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Tenn. GOP pulls out the stops to fight unionization

If VW workers and management are on the same page over unionization in Tennessee, what's the problem? GOP policymakers are intervening.
Sen. Bob Corker (R-TN) speaks to reporters before going into the Senate Chamber to vote, on October 12, 2013 in Washington, DC.
So, if workers and management are on the same page over unionization, why has this quietly become a major national story? Because Republican policymakers have decided both the workers and the plant owners are wrong -- and the GOP officials are desperate to intervene.

State Senator Bo Watson, who represents a suburb of Chattanooga, warned on Monday that if VW's workers voted to embrace the U.A.W., the Republican-controlled Legislature might vote against approving future incentives to help the plant expand.... A loss of such incentives, industry analysts say, could persuade Volkswagen to award production of a new S.U.V. to its plant in Mexico instead of to the Chattanooga plant, which currently assembles the Passat. At a news conference on Tuesday, United States Senator Bob Corker, a former mayor of Chattanooga and a Republican, also called on VW employees to reject the union. He called it "a Detroit-based organization" whose key to survival was to organize plants in the South. "We're concerned about the impact," Mr. Corker said. "Look at Detroit."

That seemed like a pretty cheap shot -- by the senator's reasoning, Detroit's crises were labor's fault, and all unions invite crises in all cases -- but Corker wasn't done.
Yesterday, the Republican senator claimed he had secret knowledge of a plan to reward the Chattanooga VW plant with a new product line -- but only if workers reject the plan to join the UAW union. This is the exact opposite of what the company has said, but Corker said he's been "assured" that his secret tip is true.
Asked about Corker's brazen attempts to intimidate workers, National Labor Relations Board expert Kenneth G. Dau-Schmidt, a professor of labor at the University of Indiana-Bloomington, told Reuters, "I'm really kind of shocked at Corker's statement." Another labor expert, Harley Shaiken of the University of California-Berkeley, suggested the senator's claims may even be illegal.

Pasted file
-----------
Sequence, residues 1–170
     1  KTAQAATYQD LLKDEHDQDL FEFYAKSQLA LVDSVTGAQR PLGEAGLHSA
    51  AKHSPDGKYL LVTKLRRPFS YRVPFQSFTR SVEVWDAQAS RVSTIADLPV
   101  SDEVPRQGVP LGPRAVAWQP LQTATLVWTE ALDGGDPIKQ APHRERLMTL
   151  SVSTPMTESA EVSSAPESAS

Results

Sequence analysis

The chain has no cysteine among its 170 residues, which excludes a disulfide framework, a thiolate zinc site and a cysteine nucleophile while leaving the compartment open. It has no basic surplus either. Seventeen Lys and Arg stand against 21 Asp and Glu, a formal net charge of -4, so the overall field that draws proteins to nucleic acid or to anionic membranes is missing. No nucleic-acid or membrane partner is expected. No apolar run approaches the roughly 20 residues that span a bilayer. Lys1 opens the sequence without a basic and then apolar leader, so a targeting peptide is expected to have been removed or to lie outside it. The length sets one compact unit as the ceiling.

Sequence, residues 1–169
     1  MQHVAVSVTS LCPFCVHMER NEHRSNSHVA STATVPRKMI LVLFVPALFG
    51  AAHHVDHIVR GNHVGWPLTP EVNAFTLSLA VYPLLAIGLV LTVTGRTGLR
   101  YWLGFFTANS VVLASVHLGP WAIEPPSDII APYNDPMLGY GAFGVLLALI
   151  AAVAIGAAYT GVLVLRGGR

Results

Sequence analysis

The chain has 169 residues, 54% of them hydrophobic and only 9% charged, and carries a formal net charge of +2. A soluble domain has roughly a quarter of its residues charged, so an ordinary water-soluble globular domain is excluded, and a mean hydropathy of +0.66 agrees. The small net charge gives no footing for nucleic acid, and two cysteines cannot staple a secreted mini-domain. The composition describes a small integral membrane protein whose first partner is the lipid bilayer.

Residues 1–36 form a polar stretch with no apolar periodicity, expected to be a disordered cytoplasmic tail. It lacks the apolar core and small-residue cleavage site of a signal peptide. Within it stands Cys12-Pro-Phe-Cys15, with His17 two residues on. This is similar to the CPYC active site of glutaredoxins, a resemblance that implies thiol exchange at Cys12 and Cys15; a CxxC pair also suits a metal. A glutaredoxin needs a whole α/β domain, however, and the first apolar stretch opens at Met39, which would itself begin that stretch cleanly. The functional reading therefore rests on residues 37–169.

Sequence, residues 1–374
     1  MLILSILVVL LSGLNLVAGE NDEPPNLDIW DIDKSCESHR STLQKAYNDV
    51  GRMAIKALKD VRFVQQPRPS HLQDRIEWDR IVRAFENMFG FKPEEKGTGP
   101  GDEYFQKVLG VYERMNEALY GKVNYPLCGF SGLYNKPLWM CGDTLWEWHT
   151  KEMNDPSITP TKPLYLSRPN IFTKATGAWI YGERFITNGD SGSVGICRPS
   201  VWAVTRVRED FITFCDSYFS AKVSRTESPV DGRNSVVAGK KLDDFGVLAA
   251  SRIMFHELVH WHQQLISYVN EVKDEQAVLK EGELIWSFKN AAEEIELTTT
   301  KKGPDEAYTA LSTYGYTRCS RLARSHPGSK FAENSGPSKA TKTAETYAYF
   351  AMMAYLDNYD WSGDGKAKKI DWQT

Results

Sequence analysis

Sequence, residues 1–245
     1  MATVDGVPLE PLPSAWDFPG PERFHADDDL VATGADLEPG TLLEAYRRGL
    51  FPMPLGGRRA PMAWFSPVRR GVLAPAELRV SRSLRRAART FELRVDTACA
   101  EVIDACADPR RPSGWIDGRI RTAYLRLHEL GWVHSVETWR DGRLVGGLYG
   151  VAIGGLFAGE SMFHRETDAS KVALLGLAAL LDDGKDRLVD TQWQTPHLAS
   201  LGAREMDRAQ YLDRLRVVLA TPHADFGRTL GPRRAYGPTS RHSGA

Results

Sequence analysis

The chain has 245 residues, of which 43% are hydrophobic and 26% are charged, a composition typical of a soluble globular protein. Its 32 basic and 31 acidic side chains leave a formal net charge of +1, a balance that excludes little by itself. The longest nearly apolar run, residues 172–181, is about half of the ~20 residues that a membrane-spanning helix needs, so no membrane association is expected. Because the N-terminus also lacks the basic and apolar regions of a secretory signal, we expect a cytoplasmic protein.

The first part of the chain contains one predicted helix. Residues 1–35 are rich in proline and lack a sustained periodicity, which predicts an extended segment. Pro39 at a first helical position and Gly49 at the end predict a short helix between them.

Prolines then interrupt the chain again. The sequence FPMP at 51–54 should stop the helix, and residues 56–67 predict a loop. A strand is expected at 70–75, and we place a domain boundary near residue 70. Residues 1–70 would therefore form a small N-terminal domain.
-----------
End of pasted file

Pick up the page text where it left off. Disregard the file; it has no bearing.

What in the world is pushing local and federal Tennessee Republicans to such extremes?
The contemporary GOP faces some notable divisions. Republicans no longer necessarily agree with one another on foreign policy, health care policy, monetary policy, or the degree to which to emphasize social issues. There are stark divisions between Tea Party Republicans and the Republican establishment. The GOP's libertarian wing is a frequent source of consternation.
But if we were to make a list of issues on which there is broad, unifying agreement within today's Republican Party, a deep hatred for labor unions would probably be near the top, especially in the South.
With this in mind, the VW plant in Chattanooga isn't just a proxy fight, it's also seen as a scary domino for the GOP's fiercest opponents of unionization.

This week's vote, which will run for three days beginning on Wednesday, is being closely watched because it could make the Volkswagen factory the first foreign-owned auto assembly plant to be unionized in the traditionally anti-union South. [...] Labor experts say a U.A.W. victory could create momentum to unionize the Mercedes-Benz plant in Vance, Ala., and the BMW plant in Spartanburg, S.C.

And so everyone from the Tennessee's Republican governor to Tennessee's Republican senators to Tennessee's Republican state lawmakers are pulling out all the stops.
And they're getting some help from Grover Norquist and his outfit's latest project, something called the "Center for Worker Freedom." The conservative outfit has put up 13 billboards in Chattanooga, condemning the United Auto Workers for having supported President Obama, who rescued the nation's auto industry in 2009.
Some of the billboards say UAW has helped "elect liberal politicans."
That's right, the anti-union activists spelled "politicians" wrong.